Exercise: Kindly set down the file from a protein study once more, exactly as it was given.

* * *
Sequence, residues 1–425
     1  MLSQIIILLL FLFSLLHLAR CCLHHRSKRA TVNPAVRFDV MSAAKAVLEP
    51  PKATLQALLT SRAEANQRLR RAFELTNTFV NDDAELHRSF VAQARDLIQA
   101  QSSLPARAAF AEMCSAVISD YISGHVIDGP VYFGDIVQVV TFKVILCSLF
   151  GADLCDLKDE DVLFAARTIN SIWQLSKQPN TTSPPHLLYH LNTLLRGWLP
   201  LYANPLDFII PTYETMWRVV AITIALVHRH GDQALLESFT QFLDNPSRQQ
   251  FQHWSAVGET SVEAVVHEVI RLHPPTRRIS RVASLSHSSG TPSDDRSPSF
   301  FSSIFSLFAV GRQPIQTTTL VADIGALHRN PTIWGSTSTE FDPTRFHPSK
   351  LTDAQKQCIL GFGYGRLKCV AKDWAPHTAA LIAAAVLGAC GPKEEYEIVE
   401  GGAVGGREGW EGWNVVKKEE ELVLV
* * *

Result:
Sequence, residues 1–425
     1  MLSQIIILLL FLFSLLHLAR CCLHHRSKRA TVNPAVRFDV MSAAKAVLEP
    51  PKATLQALLT SRAEANQRLR RAFELTNTFV NDDAELHRSF VAQARDLIQA
   101  QSSLPARAAF AEMCSAVISD YISGHVIDGP VYFGDIVQVV TFKVILCSLF
   151  GADLCDLKDE DVLFAARTIN SIWQLSKQPN TTSPPHLLYH LNTLLRGWLP
   201  LYANPLDFII PTYETMWRVV AITIALVHRH GDQALLESFT QFLDNPSRQQ
   251  FQHWSAVGET SVEAVVHEVI RLHPPTRRIS RVASLSHSSG TPSDDRSPSF
   301  FSSIFSLFAV GRQPIQTTTL VADIGALHRN PTIWGSTSTE FDPTRFHPSK
   351  LTDAQKQCIL GFGYGRLKCV AKDWAPHTAA LIAAAVLGAC GPKEEYEIVE
   401  GGAVGGREGW EGWNVVKKEE ELVLV